- Martin Curie-Cohen, Leslie Luttrell, and Sander Shapiro, "Current Practice of Artificial Insemination by Donor in the United States;'
The New England Journal of Medicine (Vol. 300, No. II), March 15, 1979, 588; and Lucinda Ann Smith, 'Artificial Insemination: Disclosure Issues;'
Columbia Human Rights Law Review (Vol. II, No. 63), Spring/Summer, 1979, 89-90. See also S.J. Berman and Robert W Kistner (editors),
Progress in Infertility (Boston: Little, Brown and Company, 1968).718.
- Berman and Kistner (editors), Progress in Infertility. 719.
- Karl Ostrom, "Psychological Considerations in Evaluating AID,"
Soundings (Vol. 54, No.3), Fall, 1971, 293.
- Bernard Haring, Ethics of Manipulation (New York: The Seabury Press, 1975), 197.
- Editor's Introduction, "Artificial Insemination: A Simple Medical Technique, a Complex Human Problem,"
Soundings (Vol. 54, No.3), Fall, 1971, 288. See also Robert L Francoeur,
Utopian Motherhood: New Trends in Human Reproduction (South Brunswick and New York: A.S. Barnes and Co., 1970), 37.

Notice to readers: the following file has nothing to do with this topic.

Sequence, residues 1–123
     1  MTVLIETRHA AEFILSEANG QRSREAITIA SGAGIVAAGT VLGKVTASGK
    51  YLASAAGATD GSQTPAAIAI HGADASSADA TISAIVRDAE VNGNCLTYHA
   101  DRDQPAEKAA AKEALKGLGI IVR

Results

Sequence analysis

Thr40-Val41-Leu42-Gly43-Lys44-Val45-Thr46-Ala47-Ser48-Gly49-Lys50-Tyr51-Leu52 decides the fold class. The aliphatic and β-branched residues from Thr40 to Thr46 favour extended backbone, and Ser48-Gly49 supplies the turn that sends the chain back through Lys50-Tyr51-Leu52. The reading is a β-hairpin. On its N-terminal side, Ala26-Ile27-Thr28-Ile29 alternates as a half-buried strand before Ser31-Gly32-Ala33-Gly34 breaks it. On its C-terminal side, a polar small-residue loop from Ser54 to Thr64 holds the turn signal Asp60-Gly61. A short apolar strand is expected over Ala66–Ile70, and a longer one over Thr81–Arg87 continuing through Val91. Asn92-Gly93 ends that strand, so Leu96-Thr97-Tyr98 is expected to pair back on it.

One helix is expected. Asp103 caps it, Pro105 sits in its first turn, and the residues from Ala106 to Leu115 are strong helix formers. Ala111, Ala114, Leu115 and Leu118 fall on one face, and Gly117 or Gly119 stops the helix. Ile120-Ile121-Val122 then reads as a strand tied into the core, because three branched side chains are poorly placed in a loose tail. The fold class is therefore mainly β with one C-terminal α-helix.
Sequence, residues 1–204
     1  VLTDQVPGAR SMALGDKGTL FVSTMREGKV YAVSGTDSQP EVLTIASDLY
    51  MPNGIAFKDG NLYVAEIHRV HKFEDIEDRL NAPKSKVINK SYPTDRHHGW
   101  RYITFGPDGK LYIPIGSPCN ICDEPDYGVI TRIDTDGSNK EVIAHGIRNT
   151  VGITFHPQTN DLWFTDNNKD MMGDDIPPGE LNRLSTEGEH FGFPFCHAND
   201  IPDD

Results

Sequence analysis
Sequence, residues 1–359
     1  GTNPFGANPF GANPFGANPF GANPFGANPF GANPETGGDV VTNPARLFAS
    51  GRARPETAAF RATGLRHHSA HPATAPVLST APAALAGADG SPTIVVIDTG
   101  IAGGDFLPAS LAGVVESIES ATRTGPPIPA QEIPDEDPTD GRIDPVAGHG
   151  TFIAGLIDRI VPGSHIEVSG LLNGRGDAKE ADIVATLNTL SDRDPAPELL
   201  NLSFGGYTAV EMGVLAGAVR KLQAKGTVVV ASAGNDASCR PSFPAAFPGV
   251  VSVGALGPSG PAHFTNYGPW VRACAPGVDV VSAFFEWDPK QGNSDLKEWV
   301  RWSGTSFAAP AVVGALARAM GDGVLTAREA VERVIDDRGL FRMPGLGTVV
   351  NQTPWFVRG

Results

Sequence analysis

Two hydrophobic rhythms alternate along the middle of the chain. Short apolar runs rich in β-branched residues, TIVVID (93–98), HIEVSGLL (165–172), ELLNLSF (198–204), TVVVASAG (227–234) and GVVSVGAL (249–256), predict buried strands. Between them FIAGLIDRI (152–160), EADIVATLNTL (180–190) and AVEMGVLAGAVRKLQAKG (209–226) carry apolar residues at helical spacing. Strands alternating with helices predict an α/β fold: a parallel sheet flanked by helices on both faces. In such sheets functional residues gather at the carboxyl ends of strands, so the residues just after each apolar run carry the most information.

- Ostrom, "Psychological Considerations in Evaluating AID;' 296. 7. Ibid.
- Curie-Cohen, et al, "Current Practice of Artificial Insemination by Donor in the United States;' 585.
- Joseph Fletcher, Morals and Medicine (Princeton, NJ: Princeton University Press, 1954), 139
- Ibid., 117
- Paul Ramsey, Fabricated Man: The Ethics of Genetic Control (New Haven and London: Yale University Press, 1970), 32.
- Ibid., 33.
- Ibid., 34.
- Ibid., 41.
- Ibid., 44.
- Helmut Thielicke, The Ethics of Sex. trans. John W Doberstein (New York: Harper & Row, 1964),259.
- Ibid., 262.
- Pope Pius XU, "To Catholic Doctors," The Catholic Mind (Vol. 48, No. 1048), April, 1950, 252.
- Ramsey, Fabricated Man, 133.